In our new article, Charlotte Sawyer and James Gostling in our Real Estate & Projects team provide an outline of the latest update on leasehold reform.
In a response to the Law Commission’s substantial recommendations for leasehold reform which were published in 2020 (our summary of which can be found here) the Government’s Housing Secretary Robert Jenrick has just announced that, in the near future, leaseholders are to be given a new statutory right to extend their leases to a maximum term of 990 years, an increase from the current entitlement of 90 years, with any annual ground rent payments being reduced to zero.
The announcement, which is considered to be just the beginning of one of the biggest reforms to UK property law in the past 40 years, will come as very welcome news to millions of leaseholders across the country. Provided the proposals become law, they will make the process of buying and selling leasehold properties much easier as buyers should no longer need to overly concern themselves with lease terms and ground rent – terms which many house buyers are simply not familiar with when commencing the homeownership process. It is not however clear if there will be any exemptions for Registered Providers where they are landlords, nor how (if at all) the reforms will affect the value of their housing stock.
Further to the Law Commission’s report on enfranchisement valuation, the Government has announced they also intend to promote transparency for leaseholders and freeholders alike by publishing an online calculator for the calculation of the costs involved in extending a lease. Once the calculator is available, there will be less scope for negotiation, and subsequently less scope for dispute, in relation to the amount leaseholders will be required to pay to their Landlord in return for the extended Lease (which under the current procedures can often be tens of thousands of pounds).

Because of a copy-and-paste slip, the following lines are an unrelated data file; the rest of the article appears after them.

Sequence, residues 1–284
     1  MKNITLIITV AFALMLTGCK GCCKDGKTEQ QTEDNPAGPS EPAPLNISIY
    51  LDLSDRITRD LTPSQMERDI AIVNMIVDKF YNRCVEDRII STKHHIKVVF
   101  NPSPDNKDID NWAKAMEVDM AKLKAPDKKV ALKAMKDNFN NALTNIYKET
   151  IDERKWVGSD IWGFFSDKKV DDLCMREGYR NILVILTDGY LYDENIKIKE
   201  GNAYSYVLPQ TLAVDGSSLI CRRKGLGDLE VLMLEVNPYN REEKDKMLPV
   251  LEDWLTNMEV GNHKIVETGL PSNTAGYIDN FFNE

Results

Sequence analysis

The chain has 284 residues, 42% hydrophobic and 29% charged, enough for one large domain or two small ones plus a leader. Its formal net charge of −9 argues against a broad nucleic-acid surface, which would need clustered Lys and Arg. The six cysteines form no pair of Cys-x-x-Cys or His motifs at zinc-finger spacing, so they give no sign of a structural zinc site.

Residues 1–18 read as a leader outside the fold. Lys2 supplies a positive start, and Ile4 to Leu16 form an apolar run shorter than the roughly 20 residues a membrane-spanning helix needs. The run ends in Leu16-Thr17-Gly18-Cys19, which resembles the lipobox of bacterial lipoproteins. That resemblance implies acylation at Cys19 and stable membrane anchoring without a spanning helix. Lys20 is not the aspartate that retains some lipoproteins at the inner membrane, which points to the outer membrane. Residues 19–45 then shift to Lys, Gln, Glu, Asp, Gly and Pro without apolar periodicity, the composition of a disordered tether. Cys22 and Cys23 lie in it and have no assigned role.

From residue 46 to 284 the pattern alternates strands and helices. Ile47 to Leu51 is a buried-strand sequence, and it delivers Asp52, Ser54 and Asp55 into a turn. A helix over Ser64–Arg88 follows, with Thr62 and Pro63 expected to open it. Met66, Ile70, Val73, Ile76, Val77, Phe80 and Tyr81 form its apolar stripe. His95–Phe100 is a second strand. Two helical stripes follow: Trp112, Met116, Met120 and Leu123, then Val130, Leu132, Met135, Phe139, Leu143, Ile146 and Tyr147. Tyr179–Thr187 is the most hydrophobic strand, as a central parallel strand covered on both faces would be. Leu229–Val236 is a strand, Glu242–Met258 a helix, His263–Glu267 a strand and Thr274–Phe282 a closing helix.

Importantly, the Government also intends to abolish the potentially prohibitive ‘marriage value’, which becomes payable when the remaining term of the Lease falls below 80 years, and can often significantly increase the amount payable by the leaseholder in return for the extension. As well as bringing down the potential costs involved for leaseholders, this will reduce the urgency for leaseholders to apply for Lease Extensions before their remaining term falls below this threshold. Also in contrast to the current regime, the new proposals are intended to provide identical rights to leaseholders of both houses and flats.
Finally, the Government announced that it is establishing a Commonhold Council – a partnership of leasehold groups, industry and government – that will prepare homeowners and the market for the widespread take-up of commonhold. This will take the UK housing market closer the forms of commonhold models used around the world. The intention is that housing blocks will be jointly owned and managed by those who own the properties, giving the owners greater control over the costs of ownership. Again, it is not clear if there will be any exemptions to properties which are managed by Registered Providers, and we hope the government will provide greater clarity on the proposed commonhold procedure when a further response is announced.
The announcements mark a huge step towards making the lease extension process fairer for leaseholders, and the Government has confirmed that a further response in relation to the remaining Law Commission recommendations will be submitted in due course, and we will continue provide further updates on developments with the reform of the law in this area once they become available. A link to the full announcement can be found here.